IRC's Boken Plus road-plus tire will be available in late 2018 at around $70 MSRP.

Fresh off the first year of its two-year commitment as official tire sponsor of popular San Diego County gravel event the Belgian Waffle Ride, IRC is at Sea Otter showing prototypes of its first road-plus tire, the Boken Plus. The name comes from IRC's Boken 700c 'cross and gravel tire, which is Japanese for "a very utilitarian sword," said Bruno Suttles, sales and marketing manager for IRC Tire USA.

The tread pattern is adapted from a fast-rolling BMX tire the Japanese brand developed for BMX world champion Sam Willoughby, but with side blocks spread out and voided in the center to maximize grip. "It also has puncture protection on the sidewalls — of course everyone wants that in gravel so they don't cut it on the rocks," Suttles said.

But the fast-rolling smooth center tread won't penalize gravel riders when they transition from dirt to pavement, IRC says. 'It hooks up very nice, but you don't notice the difference between this and a road tire when you're on the road," said Kris Hull of Lift Creative Studios, IRC's creative and interactive agency based in Southern California.

The 650b tire will come in widths of 47c (575 grams) and 42c (weight to be determined) for around $70 starting in the fourth quarter of 2018.


Sage Titanium Bicycles

Handmade in Portland: Sage's Flow Motion hardtail.

Based outside of Portland, Oregon, Sage is known for its beautifully handcrafted road, 'cross and gravel bikes. But owner David Rosen, a former Nike supply chain logistics analyst and longtime bike racer, took a while figuring out what his first mountain bike would be. A visit to Whistler Bike Park's legendary flow trails sorted the matter for him quickly.

However, the new Flow Motion hardtail, debuting this week at Sea Otter, is named for a trail closer to home at Oregon's Sandy Ridge Bike Park. "It's a poppy and fun trail, and that's what this bike is all about.," he said.

The Flow Motion accommodates 27.5-inch tires up to 2.8 inches and 29er treads as wide as 2.35 inches, has Boost spacing, and follows current trends toward long and low geometry. But one fashion Rosen passed on was increasingly steep seat angles that put the rider in a more aggressive descending position. "A lot of those bikes don't climb great," he said. "I'm a big believer in versatility."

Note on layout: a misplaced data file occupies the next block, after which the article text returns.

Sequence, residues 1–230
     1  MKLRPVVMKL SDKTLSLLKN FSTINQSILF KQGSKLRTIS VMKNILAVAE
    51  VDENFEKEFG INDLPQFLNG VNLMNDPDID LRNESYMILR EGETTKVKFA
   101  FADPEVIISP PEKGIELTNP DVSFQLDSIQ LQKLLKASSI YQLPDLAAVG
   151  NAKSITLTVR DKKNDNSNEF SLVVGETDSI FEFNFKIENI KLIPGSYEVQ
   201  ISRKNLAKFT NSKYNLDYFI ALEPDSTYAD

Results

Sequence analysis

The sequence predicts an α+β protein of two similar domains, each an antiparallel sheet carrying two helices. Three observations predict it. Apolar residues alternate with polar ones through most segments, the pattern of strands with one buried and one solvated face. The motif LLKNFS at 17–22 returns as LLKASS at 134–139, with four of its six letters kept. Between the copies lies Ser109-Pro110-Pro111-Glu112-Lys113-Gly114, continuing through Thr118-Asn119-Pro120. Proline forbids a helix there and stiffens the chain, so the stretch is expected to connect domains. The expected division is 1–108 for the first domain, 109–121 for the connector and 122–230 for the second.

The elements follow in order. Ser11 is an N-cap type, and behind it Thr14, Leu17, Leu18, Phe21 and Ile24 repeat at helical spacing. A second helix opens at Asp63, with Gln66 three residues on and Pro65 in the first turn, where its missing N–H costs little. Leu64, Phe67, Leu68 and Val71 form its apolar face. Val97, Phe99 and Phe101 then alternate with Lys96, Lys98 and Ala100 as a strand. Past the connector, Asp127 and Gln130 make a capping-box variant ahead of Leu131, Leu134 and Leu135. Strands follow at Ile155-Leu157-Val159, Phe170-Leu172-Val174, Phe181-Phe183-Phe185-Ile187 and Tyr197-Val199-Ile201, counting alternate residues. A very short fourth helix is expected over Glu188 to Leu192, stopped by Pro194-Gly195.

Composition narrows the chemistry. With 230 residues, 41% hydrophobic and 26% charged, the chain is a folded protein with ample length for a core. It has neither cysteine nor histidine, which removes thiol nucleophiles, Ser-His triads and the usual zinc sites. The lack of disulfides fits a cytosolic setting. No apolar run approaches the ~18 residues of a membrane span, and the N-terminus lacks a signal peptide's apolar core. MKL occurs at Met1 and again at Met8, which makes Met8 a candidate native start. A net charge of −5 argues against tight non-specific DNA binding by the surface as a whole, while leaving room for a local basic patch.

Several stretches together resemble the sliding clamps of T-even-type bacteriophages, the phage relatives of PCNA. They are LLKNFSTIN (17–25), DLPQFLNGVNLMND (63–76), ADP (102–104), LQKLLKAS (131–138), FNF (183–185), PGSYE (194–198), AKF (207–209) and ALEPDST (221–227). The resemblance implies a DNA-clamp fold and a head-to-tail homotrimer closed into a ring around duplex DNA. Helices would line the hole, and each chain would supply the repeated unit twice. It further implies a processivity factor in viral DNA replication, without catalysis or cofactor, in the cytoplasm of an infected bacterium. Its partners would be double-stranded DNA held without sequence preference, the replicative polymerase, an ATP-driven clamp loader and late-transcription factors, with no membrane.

The frame is made from 3/2.5 titanium, has internal dropper routing, is designed for forks from 120 to 150 millimeters, and will feature a bead-blasted finish (unlike the raw ti samples on display at Sea Otter). "For the customer we're serving, we want that refined look," Rosen said.

That customer will be willing to pony up $3,900 for the frame, or mid-$5,000s and up for a complete — and highly customizable— build.

"The beauty of titanium is that you'll have this bike for 20 years, and that's why I got into this," Rosen said.


Kona Bicycles

Kona's Honzo ST aggressive hardtail will be available in complete build this summer.

BRAIN reported last week that Kona would be raffling off an undisclosed new bike at Sea Otter to benefit two trail groups in areas affected by last year's California wildfires. That bike is front and center in the B.C. brand's booth: a complete version of its previously frame-only Honzo ST steel 29er all-mountain/trail hardtail. Boasting a mirror-like polished finish, the $2,299 bike will be available this summer with a SRAM NX 11-speed drivetrain, RockShox Revelation fork, SRAM Level T brakes and TranzX dropper post.

Kona is also showing its new carbon Operator CR DH bike compatible with both 27.5- and 29-inch wheels, which Australian Connor Fearon is racing in both configurations this season, said Matt Lareau, Kona design engineer. Available this summer (price to be determined), the Operator CR features adjustable chainstays and a new reach adjustment system consisting of two oval chips that adjust fore and aft.

The Remote Ctrl is Kona's first full-suspension e-mountain bike.

For the rider who's gotta have carbon, Kona is also displaying the new Process 153 CR long-travel 29er and Big Honzo CR DL 27.5-plus hardtail, both available this summer at MSRPs yet to be determined.

Looking for a little help up the trail? The new Remote Ctrl is Kona's first full-suspension e-MTB. The 27.5-plus bike features a Bosch's mid-drive motor and its new Powertube battery integrated in the downtube. It's on display in a pre-production spec and will be available this summer at a price still to be determined.

 

Topics associated with this article: Sea Otter Classic